Once upon a time I used to be a quite keen photographer. When I was in my early twenties I spotted an old Minolta X-300 35mm SLR in a charity shop and got bitten by the bug. Over the space of a few years I began a learning process that took me from knowing very little about f-stops and apertures, to being able to discern between specular and diffuse reflection and take a pretty good shot at setting up a multi-light arrangement for most occasions. The full manual setting on my SLR was my weapon of choice and I even managed to take a handful of decentish pictures.
I was, in short, a nerd.
Years later digital arrived and I gradually moved over, eventually assembling a pretty decent digital outfit including one of Canon’s legendary ‘L Series’ lenses (see nerd comment above) and I lived it all over again. There was a new learning curve to be had in post production which had previously been way outside my scope. It used to be that I’d think nothing of lugging around a couple of kilos of gear for hours in search of that one elusive, perfect image, a choice made a little more straightforward by the fact that compact cameras were pretty limited and phone cameras were laughable.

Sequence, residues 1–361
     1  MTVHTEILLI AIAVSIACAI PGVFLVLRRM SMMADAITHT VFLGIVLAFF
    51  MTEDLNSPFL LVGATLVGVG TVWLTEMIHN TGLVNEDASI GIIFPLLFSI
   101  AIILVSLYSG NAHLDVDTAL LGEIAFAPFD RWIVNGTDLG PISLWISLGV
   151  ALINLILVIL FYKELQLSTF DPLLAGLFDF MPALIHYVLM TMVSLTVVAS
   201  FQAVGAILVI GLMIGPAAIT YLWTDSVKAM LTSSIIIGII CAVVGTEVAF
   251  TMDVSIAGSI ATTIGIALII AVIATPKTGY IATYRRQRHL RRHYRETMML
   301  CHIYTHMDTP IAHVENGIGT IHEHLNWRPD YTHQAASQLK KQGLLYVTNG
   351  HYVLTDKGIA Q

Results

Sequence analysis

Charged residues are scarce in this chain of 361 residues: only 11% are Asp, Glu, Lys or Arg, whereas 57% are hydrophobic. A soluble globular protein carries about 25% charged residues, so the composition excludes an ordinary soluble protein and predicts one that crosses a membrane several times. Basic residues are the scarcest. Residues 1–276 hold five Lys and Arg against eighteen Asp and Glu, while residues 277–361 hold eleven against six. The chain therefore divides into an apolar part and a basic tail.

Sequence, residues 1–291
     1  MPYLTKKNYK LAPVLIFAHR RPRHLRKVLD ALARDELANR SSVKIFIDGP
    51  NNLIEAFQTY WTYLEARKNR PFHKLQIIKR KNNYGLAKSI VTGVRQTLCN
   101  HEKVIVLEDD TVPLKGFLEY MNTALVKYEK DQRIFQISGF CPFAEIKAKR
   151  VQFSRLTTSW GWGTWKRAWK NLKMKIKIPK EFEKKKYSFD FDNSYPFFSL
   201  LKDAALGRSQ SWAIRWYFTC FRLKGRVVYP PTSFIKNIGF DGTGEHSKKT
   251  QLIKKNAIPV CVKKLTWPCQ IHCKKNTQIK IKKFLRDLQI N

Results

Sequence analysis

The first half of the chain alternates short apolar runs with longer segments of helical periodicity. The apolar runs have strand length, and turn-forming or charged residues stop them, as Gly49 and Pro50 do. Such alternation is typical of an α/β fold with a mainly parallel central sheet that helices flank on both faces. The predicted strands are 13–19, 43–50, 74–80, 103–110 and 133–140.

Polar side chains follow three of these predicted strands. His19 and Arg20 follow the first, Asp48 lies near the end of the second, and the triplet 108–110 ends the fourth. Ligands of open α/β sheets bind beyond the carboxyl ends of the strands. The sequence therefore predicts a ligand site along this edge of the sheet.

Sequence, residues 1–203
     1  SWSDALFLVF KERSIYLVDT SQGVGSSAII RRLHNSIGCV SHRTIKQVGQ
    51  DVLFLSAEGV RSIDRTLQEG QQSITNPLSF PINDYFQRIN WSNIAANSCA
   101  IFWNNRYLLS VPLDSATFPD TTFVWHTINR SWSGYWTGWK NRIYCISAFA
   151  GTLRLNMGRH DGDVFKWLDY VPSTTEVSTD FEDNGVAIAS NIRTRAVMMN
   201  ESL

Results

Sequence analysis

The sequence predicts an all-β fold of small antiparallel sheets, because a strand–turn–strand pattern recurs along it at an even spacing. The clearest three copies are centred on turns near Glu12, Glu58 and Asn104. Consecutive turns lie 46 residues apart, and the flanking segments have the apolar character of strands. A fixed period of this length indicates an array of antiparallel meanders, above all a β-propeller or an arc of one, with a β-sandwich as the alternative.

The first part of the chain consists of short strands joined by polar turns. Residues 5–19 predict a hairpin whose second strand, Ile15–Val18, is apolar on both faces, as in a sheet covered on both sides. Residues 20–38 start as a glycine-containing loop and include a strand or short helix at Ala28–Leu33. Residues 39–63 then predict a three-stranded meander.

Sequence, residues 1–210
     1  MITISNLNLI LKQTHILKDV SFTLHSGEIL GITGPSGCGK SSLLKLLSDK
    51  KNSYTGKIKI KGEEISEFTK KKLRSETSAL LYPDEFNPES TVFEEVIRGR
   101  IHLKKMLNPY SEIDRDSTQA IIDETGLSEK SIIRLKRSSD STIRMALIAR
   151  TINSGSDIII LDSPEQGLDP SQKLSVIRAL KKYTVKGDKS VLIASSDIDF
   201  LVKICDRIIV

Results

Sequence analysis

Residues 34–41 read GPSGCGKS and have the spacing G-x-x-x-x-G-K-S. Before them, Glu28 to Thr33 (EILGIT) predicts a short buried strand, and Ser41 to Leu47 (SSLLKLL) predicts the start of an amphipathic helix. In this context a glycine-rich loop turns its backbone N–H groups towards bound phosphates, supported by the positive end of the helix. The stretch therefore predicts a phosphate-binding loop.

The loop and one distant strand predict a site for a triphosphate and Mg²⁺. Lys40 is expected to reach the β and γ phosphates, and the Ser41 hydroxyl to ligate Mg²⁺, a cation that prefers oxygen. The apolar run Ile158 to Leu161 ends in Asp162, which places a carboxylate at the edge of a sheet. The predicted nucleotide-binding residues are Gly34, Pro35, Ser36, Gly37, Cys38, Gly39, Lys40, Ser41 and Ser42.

But times change and since I was really firing on all cylinders with this stuff, technology has moved on (along with airline luggage weight allowances). I picked up a pretty decent compact a couple of years ago to travel with me to Sri Lanka, I’ve found that it has more than enough manual control for me to be happy and to get 99% of the shots I could have got with the full fat setup plus others that I would have missed through being too slow with heavy gear. As a result the bulky old SLR has languished entirely in the back of the wardrobe along with flashes, light modifiers, stands, tripods and assorted other bits and pieces. It’s time had been and gone for me so its currently finding various new homes via eBay and charity shops.
And the proceeds of selling off my gear?
Well, please allow me to indulge myself in one of my favourite photographer quotes, attributed to Jim Richardson:
“If you want to be a better photographer, stand in front of more interesting stuff.”
Next stops Riga and Berlin, maybe more depending on how much people value L series glass these days…